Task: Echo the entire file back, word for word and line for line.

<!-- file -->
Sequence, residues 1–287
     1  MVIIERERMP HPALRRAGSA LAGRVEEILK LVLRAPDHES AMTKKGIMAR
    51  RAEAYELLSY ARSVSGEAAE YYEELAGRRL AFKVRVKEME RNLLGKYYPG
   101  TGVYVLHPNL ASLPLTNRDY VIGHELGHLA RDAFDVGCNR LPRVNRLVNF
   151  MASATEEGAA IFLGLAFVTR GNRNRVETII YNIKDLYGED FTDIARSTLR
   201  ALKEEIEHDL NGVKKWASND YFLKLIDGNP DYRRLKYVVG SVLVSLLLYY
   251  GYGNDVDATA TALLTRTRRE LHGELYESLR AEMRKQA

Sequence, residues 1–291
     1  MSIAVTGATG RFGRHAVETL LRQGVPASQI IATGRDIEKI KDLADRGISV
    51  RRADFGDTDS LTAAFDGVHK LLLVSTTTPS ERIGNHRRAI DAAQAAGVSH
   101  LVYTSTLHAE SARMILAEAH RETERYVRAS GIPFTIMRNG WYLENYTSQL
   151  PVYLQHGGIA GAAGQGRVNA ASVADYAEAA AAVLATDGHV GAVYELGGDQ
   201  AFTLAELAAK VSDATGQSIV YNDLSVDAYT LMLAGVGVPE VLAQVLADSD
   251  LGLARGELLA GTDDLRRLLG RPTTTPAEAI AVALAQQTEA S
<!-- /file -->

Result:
Sequence, residues 1–287
     1  MVIIERERMP HPALRRAGSA LAGRVEEILK LVLRAPDHES AMTKKGIMAR
    51  RAEAYELLSY ARSVSGEAAE YYEELAGRRL AFKVRVKEME RNLLGKYYPG
   101  TGVYVLHPNL ASLPLTNRDY VIGHELGHLA RDAFDVGCNR LPRVNRLVNF
   151  MASATEEGAA IFLGLAFVTR GNRNRVETII YNIKDLYGED FTDIARSTLR
   201  ALKEEIEHDL NGVKKWASND YFLKLIDGNP DYRRLKYVVG SVLVSLLLYY
   251  GYGNDVDATA TALLTRTRRE LHGELYESLR AEMRKQA

Sequence, residues 1–291
     1  MSIAVTGATG RFGRHAVETL LRQGVPASQI IATGRDIEKI KDLADRGISV
    51  RRADFGDTDS LTAAFDGVHK LLLVSTTTPS ERIGNHRRAI DAAQAAGVSH
   101  LVYTSTLHAE SARMILAEAH RETERYVRAS GIPFTIMRNG WYLENYTSQL
   151  PVYLQHGGIA GAAGQGRVNA ASVADYAEAA AAVLATDGHV GAVYELGGDQ
   201  AFTLAELAAK VSDATGQSIV YNDLSVDAYT LMLAGVGVPE VLAQVLADSD
   251  LGLARGELLA GTDDLRRLLG RPTTTPAEAI AVALAQQTEA S